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Bhagavad Gita is the condensed form of all the 108 Upanishads put together. Bhagavad means the Brahman and Gita means song. If one needs a literal translation of Bhagavad Gita, then it is “the song of the Brahman”. Bhagavad Gita consists of 700 verses, mostly addressed by the Brahman, wherein He imparts the supreme knowledge to one of His creations. Brahman in this context is Lord Kṛṣṇa, the incarnation of Vishnu or Narayana and the disciple is Arjuna, one amongst the five Pāṇḍava-s. Since they were fathered by the king Pandu, they are called Pāṇḍava-s. Pāṇḍava-s are five brothers, each of them representing the five basic elements of the universe. It must be remembered that these five elements rule the five chakras, muladhara to vishudi. The verses of the Gita are in the form of questions and answers. Arjuna, the warrior clears his doubts from Kṛṣṇa in the midst of a battle field. Kṛṣṇa represents the Brahman, Arjuna represents soul and battle field represents the sensory organs of the gross body. The teachings of Kṛṣṇa in Bhagavad Gita are practical and easy to follow. The concept of life is explained in these seven comprehensive verses in eighteen chapters. If one decides to follow the teachings of Kṛṣṇa, he is not reborn. Even during this birth, if the sermons of Kṛṣṇa are followed, one will not feel the miseries and sorrows. The cause and source of sufferings and the ways and means of getting rid of them are expounded. After all, it is the teaching of the Brahman Himself.
Kṛṣṇa talks about the various stages of consciousness citing differentiation between a jnani, a yogi and a devotee. Gita deals with material, astral and spiritual planes corresponding to body, mind and soul. Every word used by Kṛṣṇa has deeper meanings. Great scholars have labored to bring out the hidden treasures in each word. The word of the Brahman obviously is difficult to interpret. We have been discussing about „karma‟ frequently. Kṛṣṇa‟s interpretation of karma and its effect on the soul is beyond comprehension. The superior relationship between the Brahman and soul is also explained. If one wants to deliberate on Gita beyond its gross meaning, there is no end to it and possibly nobody can find an end. It will be an eternal unanswered question. For every word of Kṛṣṇa, there are gross and subtle meanings. Gross meaning can be understood by a devotee and subtle meaning can be understood by jñāni-s and yogis. An ordinary devotee can progress to the stage of jñāni and yogi, if he is able to cleanse his consciousness by discarding the bad master of a man called ego. When you say „I‟ it indicates your ego and when you say „I am That‟, it indicates your jñāni status. When „I am That‟ is dissolved and merged with cosmic consciousness, it is self-realization, the stage of yogi. For a yogi nothing exists except the Brahman and he will not for a moment use „I‟. If at all he uses „I‟ it will mean to refer the Brahman. A yogi is a self-realized person.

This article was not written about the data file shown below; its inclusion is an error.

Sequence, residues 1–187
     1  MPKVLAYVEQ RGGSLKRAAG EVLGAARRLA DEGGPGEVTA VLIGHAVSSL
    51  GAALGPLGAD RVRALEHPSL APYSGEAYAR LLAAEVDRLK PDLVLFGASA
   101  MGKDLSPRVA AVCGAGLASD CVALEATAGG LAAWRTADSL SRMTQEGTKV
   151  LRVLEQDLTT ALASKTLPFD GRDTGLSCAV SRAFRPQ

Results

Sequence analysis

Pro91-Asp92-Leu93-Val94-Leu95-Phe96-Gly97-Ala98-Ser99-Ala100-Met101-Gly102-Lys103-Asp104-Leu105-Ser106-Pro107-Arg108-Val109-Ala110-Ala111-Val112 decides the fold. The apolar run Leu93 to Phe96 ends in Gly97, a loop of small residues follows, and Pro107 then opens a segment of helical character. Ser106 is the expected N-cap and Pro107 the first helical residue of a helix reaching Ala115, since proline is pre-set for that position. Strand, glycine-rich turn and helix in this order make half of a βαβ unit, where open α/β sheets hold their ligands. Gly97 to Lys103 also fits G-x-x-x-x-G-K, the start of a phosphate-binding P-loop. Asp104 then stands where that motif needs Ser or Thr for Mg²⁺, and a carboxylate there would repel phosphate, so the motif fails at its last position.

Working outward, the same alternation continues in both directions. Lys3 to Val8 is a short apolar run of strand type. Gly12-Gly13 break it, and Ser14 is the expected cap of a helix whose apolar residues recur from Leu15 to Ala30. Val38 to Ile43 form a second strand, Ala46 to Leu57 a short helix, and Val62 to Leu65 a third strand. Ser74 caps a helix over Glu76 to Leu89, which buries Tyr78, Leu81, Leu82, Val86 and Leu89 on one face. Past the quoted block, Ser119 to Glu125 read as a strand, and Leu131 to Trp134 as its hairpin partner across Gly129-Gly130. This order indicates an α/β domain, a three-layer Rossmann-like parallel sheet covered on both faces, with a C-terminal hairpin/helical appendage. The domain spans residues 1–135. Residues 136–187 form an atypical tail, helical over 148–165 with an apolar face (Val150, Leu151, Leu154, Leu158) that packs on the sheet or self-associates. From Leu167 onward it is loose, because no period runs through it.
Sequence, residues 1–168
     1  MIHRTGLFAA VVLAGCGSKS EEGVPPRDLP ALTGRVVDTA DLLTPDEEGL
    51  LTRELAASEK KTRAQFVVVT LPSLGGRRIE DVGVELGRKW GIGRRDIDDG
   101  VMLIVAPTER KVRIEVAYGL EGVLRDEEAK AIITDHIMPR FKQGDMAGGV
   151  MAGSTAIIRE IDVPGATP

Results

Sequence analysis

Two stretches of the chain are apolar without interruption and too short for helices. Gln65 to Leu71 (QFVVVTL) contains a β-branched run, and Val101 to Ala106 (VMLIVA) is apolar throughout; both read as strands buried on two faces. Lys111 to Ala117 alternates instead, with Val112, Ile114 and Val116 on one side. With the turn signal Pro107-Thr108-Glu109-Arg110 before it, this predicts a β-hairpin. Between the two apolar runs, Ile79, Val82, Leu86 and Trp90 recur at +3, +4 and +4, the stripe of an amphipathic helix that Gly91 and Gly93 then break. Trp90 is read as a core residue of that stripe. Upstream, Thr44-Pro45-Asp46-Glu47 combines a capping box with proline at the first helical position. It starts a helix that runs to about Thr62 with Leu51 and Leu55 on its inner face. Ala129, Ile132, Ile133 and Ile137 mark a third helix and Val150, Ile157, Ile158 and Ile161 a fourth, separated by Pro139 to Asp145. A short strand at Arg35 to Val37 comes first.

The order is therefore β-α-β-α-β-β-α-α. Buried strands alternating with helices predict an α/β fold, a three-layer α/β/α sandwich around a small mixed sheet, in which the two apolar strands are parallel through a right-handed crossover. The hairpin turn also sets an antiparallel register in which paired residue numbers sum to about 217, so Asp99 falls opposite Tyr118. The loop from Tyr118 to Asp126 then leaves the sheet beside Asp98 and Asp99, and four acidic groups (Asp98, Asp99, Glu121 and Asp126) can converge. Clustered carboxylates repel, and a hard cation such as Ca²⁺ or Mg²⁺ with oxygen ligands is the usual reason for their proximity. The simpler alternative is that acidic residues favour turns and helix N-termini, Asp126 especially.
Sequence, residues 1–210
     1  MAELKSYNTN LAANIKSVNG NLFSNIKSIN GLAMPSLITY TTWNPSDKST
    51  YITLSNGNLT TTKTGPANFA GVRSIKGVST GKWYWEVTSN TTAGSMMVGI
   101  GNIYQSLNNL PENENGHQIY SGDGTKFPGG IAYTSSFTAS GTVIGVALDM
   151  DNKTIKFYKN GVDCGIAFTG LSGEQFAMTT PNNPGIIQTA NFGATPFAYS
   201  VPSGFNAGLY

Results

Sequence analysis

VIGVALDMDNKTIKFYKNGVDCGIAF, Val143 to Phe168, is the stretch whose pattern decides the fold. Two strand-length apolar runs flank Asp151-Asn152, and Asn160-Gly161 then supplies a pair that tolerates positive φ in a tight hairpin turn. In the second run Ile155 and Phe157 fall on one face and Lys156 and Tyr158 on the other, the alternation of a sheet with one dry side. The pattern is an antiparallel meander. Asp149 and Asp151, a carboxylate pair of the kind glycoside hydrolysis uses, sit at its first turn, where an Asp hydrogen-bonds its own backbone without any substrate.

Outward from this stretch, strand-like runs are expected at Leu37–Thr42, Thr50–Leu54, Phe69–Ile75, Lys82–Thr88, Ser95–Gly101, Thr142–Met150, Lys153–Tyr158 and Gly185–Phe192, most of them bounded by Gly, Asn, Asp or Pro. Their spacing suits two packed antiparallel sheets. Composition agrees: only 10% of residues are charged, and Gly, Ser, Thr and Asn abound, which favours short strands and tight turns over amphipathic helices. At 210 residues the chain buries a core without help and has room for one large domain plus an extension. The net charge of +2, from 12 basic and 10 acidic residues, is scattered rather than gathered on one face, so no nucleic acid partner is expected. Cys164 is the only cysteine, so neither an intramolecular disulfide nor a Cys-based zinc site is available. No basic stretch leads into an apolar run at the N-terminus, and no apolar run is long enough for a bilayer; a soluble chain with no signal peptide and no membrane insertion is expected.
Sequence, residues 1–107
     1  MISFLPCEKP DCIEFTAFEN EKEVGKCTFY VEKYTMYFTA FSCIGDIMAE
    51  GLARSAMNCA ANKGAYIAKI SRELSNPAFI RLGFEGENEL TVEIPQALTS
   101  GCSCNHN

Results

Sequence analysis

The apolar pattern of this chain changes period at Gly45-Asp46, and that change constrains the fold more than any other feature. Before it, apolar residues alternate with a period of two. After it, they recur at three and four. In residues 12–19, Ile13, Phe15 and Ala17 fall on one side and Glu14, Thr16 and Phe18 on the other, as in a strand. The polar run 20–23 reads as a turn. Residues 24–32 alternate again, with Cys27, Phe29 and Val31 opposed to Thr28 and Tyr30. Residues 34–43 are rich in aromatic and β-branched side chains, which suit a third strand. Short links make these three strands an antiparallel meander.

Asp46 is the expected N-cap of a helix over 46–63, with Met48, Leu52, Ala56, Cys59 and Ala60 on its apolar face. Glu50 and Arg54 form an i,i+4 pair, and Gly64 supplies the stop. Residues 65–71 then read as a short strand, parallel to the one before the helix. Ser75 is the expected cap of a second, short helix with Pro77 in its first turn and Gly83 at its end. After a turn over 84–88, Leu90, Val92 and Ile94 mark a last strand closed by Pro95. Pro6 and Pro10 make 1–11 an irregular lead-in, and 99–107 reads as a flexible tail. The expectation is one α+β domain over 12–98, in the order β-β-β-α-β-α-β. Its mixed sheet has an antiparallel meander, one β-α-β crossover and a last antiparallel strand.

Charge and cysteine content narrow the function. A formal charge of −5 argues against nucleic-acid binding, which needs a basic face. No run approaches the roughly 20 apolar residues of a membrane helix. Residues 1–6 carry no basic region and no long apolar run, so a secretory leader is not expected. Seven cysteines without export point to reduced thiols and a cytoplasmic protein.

Gita introduces us to sanatana dharma. Sanatana dharma means the eternal dharma that never undergoes changes and is distinct from the material dharma. Every action done to improve the material prosperity is material dharma as opposed to sanatana dharma, which is beyond mind and body. Though eternity is embedded in our consciousness, we are unable to realize it, as we stand attached to materialistic world. Kṛṣṇa guides us through his sermons to understand sanatana dharma, by modifying the level of our consciousness so as to recondition the soul within us. Nobody knows the origin of sanatana dharma. Since it has no origin and no end, it clearly indicates the concept of the Brahman as Brahman alone has no origin and no end.
Individual verses are not published and only the essence of each verse is published. Several verses are grouped together for easier understanding.